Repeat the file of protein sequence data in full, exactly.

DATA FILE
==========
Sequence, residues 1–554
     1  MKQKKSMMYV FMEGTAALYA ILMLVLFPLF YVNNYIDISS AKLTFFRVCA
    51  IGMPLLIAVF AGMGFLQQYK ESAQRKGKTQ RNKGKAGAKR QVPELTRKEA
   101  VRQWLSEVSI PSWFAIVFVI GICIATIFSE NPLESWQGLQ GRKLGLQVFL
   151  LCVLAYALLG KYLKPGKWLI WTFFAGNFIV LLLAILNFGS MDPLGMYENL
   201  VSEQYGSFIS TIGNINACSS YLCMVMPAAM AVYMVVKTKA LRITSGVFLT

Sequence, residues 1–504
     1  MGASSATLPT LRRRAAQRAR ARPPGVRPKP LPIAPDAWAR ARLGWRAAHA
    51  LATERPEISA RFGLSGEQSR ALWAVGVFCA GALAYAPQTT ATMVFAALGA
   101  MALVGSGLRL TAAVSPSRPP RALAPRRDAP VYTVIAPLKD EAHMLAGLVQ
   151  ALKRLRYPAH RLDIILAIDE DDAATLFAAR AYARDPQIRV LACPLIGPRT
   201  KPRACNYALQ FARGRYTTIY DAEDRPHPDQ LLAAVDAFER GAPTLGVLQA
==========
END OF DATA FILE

Sequence, residues 1–554
     1  MKQKKSMMYV FMEGTAALYA ILMLVLFPLF YVNNYIDISS AKLTFFRVCA
    51  IGMPLLIAVF AGMGFLQQYK ESAQRKGKTQ RNKGKAGAKR QVPELTRKEA
   101  VRQWLSEVSI PSWFAIVFVI GICIATIFSE NPLESWQGLQ GRKLGLQVFL
   151  LCVLAYALLG KYLKPGKWLI WTFFAGNFIV LLLAILNFGS MDPLGMYENL
   201  VSEQYGSFIS TIGNINACSS YLCMVMPAAM AVYMVVKTKA LRITSGVFLT

Sequence, residues 1–504
     1  MGASSATLPT LRRRAAQRAR ARPPGVRPKP LPIAPDAWAR ARLGWRAAHA
    51  LATERPEISA RFGLSGEQSR ALWAVGVFCA GALAYAPQTT ATMVFAALGA
   101  MALVGSGLRL TAAVSPSRPP RALAPRRDAP VYTVIAPLKD EAHMLAGLVQ
   151  ALKRLRYPAH RLDIILAIDE DDAATLFAAR AYARDPQIRV LACPLIGPRT
   201  KPRACNYALQ FARGRYTTIY DAEDRPHPDQ LLAAVDAFER GAPTLGVLQA